(This post was last modified: 06152016, 07:32 AM by FrediFizzx.)
(06152016, 05:34 AM)Schmelzer Wrote: Rigged or not, it falsifies a whole class of theories. This is, indeed, rigged to a particular experiment, the one which has \(\mathbb{Z}_2\) results.
Feel free to speculate about fairies or other things which are not rigged to particular experiments here on Earth. ...
If \(\mathbb{Z}_2\) results is your criteria then Bell's prescription also eliminates quantum mechanics. That makes his theory wrong. Go ahead and produce the negative cosine curve for the EPRBohm scenario with QM using +/ 1 outcomes. However, we believe the QM prediction is correct and Joy Christian's model actually explains it. You are left with a nonlocal HV model that doesn't really explain anything as far as quantum mechanics is concerned. Do you even have a nonlocal HV model? Anyways, I think I prefer a classical localrealistic explanation for quantum correlations. I think others will prefer that also.
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There is no problem nor for dBB theory, nor for QM. You may have heard that dBB theory is equivalent to standard QM in its predictions, and it is clearly and obviously realistic. It is not Einsteincausal, QM is not Einsteincausal too, so that Bell's theorem cannot be proven for above theories.
The whole point of Bell's theorem was, for Bell, to prove that the accusation against dBB theory that it is not Einsteincausal is nonsensical  no realistic interpretation can be Einsteincausal.
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Hello FreddiFizzx,
I would appreciate it if you'd explain Joy Christian's approach as follows. Nick Herbert, in his 1985 book, provided a simple way to see the point of Bell's inequality. I'd like to describe it, then you explain how it works in Christian' approach.
Suppose that Alice and Bob both set their detectors at 0 degrees. We get perfect correlation. Since spins must be opposite that means in every detection event one of them gets 1, the other 1.
Now Alice sets detector to 30 degrees. QM predicts correlation of cos^2, namely 3/4. Thus 1 out of 4 are "wrong", meaning, in this case, equal to each other (since they should be opposite).
If Alice sets detector back to 0 degrees, and Bob to 30 degrees, again 1 out of 4 are wrong.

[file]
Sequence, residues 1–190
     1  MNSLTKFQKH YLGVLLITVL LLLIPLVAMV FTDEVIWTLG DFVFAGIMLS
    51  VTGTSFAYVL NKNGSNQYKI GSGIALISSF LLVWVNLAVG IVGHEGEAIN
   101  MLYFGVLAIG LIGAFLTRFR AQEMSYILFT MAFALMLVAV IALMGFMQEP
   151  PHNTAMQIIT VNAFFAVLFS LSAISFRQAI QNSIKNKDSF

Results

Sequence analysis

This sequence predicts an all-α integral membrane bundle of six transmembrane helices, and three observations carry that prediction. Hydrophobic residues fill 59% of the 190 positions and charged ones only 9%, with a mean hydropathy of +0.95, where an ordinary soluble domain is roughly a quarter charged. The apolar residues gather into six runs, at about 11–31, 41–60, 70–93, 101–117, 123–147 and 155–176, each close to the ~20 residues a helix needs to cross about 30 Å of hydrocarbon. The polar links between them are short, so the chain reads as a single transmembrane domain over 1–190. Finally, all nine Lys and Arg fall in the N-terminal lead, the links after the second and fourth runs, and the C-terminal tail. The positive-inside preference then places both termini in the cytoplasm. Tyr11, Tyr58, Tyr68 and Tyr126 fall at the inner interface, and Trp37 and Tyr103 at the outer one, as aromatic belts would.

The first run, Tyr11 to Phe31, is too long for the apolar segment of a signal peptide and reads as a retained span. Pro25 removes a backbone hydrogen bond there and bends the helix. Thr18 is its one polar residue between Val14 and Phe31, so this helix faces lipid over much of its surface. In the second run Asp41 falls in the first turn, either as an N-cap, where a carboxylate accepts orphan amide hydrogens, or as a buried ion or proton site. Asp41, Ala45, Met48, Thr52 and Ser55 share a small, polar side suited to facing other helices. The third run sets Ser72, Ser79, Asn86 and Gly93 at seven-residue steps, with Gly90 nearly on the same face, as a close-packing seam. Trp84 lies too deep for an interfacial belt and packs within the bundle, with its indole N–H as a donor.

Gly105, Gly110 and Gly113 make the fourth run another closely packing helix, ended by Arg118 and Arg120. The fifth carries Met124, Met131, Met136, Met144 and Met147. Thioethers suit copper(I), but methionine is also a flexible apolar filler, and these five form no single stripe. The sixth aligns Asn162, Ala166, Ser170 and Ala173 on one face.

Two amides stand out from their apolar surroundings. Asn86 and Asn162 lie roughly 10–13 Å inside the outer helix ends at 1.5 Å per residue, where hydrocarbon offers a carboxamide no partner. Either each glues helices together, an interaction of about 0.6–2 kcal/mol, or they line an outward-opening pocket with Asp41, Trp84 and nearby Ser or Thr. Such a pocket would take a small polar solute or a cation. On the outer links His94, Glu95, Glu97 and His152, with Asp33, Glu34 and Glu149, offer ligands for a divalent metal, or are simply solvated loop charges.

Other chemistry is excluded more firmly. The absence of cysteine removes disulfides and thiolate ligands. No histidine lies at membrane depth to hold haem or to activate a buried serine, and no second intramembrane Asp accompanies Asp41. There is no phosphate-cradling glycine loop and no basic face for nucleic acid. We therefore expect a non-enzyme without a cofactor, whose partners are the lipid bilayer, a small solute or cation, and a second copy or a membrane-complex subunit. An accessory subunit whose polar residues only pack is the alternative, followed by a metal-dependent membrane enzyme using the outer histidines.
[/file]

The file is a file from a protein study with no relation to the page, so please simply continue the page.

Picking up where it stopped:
Now, Alice sets detector to 30 degrees. The total separation is now 60 degrees. cos^2 is only 1/4. So QM predicts 3 out of 4 are wrong. (On average, of course).
This is a logical contradiction.
Note, of course the 0 setting doesn't exist when they're at + 30 degrees; but imagine it does exist. Compared to the 0 setting, they each should have only 1 out of 4 wrong. If they get the same one wrong, those two "wrongs" cancel each other and we get a correlation. So the worst case is when none of their misses match. That gives exactly 2 out of 4, 1/2, correlated, and 1/2 missing  maximum.
But in the actual run  forgetting about the imaginary 0 setting  QM says they only get 1/4 correlated, 3/4 wrong. It's impossible to reproduce this result with local hidden variables, as far as I know.
Now, you say Christian's approach does manage to reproduce these same QM statistics with a LHV theory. It involves using a different topological space and other complications.
Please discuss this simple thought experiment and show how Christian's approach explains it.
Thanks.
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(06162016, 12:12 AM)secur Wrote: Please discuss this simple thought experiment and show how Christian's approach explains it.
Thanks.
Hi secur,
It is a bit complicated so probably best for you to read this paper by Joy Christian where he explains it.
http://arxiv.org/abs/1405.2355
"Local Causality in a FriedmannRobertsonWalker Spacetime"
Feel free to ask any questions about the content in the paper and I will try to answer them. I suspect Ilja is too prejudiced to read it but perhaps you will and we can discuss it here.
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06162016, 01:48 AM
(This post was last modified: 06162016, 01:49 AM by secur.)
It seems that he's representing spin states as quaternions; not sure of the details.
The Pauli matrices which we usually use to represent spin are, of course, equivalent algebraically to quaternions. Dirac, BTW, originally used quaternions to derive his relativistic spin equation. Anyway quaternions give the same correlations as QM, since they can be used in place of Pauli matrices. Christian alludes to this correlation, cos^2 + sin^2, in equation 19.
So it appears that in effect he's just restoring Dirac's original quaternionic representation for spin. In that case, the paper essentially (at best) amounts to a new ontological interpretation. Explains why QM spin works as it does: because we live in a FLRW world.
This is just off the top of my head, I may be thoroughly misunderstanding. What do you think?